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watt

[wot] /wɒt/
noun
1.
the standard unit of power in the International System of Units (SI), equivalent to one joule per second and equal to the power in a circuit in which a current of one ampere flows across a potential difference of one volt.
Abbreviation: W, w.
Origin
1882
1882; named after J. Watt

Watt

[wot] /wɒt/
noun
1.
James, 1736–1819, Scottish engineer and inventor.
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Based on the Random House Dictionary, © Random House, Inc. 2014.
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British Dictionary definitions for watt

watt

/wɒt/
noun
1.
the derived SI unit of power, equal to 1 joule per second; the power dissipated by a current of 1 ampere flowing across a potential difference of 1 volt. 1 watt is equivalent to 1.341 × 10–3 horsepower W
Word Origin
C19: named after James Watt

Watt

/wɒt/
noun
1.
James. 1736–1819, Scottish engineer and inventor. His fundamental improvements to the steam engine led to the widespread use of steam power in industry
Collins English Dictionary - Complete & Unabridged 2012 Digital Edition
© William Collins Sons & Co. Ltd. 1979, 1986 © HarperCollins
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Word Origin and History for watt
n.

unit of electrical power, 1882, in honor of James Watt (1736-1819), Scottish engineer and inventor.

Online Etymology Dictionary, © 2010 Douglas Harper
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watt in Medicine

watt (wŏt)
n.
Abbr. W
A unit of power in the International System of Units equal to one joule per second.

The American Heritage® Stedman's Medical Dictionary
Copyright © 2002, 2001, 1995 by Houghton Mifflin Company. Published by Houghton Mifflin Company.
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watt in Science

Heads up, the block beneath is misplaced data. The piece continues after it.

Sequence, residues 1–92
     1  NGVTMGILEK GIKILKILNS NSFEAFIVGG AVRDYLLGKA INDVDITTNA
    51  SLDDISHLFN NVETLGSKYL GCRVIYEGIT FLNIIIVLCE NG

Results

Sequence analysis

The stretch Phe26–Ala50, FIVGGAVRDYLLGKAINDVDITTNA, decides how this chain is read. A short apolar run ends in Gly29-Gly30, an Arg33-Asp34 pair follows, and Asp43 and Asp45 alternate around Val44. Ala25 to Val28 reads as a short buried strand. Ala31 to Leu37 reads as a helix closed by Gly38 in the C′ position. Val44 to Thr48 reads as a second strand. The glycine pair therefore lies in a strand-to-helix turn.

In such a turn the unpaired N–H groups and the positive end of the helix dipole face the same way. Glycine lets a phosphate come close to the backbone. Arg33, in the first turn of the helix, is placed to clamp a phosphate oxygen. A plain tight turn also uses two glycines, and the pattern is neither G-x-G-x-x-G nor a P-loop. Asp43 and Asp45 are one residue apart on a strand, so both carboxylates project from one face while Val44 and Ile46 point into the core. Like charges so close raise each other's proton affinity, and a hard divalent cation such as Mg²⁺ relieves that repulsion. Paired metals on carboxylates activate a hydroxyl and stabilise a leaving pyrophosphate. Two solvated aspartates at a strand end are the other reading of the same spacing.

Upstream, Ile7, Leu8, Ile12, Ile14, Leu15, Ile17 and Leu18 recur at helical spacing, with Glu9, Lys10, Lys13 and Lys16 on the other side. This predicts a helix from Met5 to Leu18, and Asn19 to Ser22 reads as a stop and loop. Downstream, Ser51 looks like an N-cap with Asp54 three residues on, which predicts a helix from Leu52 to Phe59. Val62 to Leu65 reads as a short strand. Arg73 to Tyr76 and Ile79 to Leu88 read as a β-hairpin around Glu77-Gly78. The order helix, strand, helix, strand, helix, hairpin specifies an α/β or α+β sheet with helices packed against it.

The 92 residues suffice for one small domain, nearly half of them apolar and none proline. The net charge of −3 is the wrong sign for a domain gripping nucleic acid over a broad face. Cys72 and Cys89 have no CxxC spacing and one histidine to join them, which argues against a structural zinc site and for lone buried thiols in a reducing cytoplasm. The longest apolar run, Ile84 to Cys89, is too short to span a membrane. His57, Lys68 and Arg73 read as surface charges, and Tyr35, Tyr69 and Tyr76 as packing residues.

watt
  (wŏt)   
The SI derived unit used to measure power, equal to one joule per second. In electricity, a watt is equal to current (in amperes) multiplied by voltage (in volts).
Watt, James 1736-1819.  
British engineer and inventor who patented a much improved version of the steam engine (1769) and devised the unit of horsepower. The watt unit of power is named for him.
The American Heritage® Science Dictionary
Copyright © 2002. Published by Houghton Mifflin. All rights reserved.
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watt in Culture

watt definition


The basic unit of power, named after the eighteenth-century Scottish inventor James Watt.

The American Heritage® New Dictionary of Cultural Literacy, Third Edition
Copyright © 2005 by Houghton Mifflin Company.
Published by Houghton Mifflin Company. All rights reserved.
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Encyclopedia Article for watt

unit of power in the International System of Units (SI) equal to one joule of work performed per second, or to 1746 horsepower. An equivalent is the power dissipated in an electrical conductor carrying one ampere current between points at one volt potential difference. It is named in honour of James Watt, British engineer and inventor. One thousand watts equal one kilowatt. Most electrical devices are rated in watts.

Learn more about watt with a free trial on Britannica.com
Encyclopedia Britannica, 2008. Encyclopedia Britannica Online.
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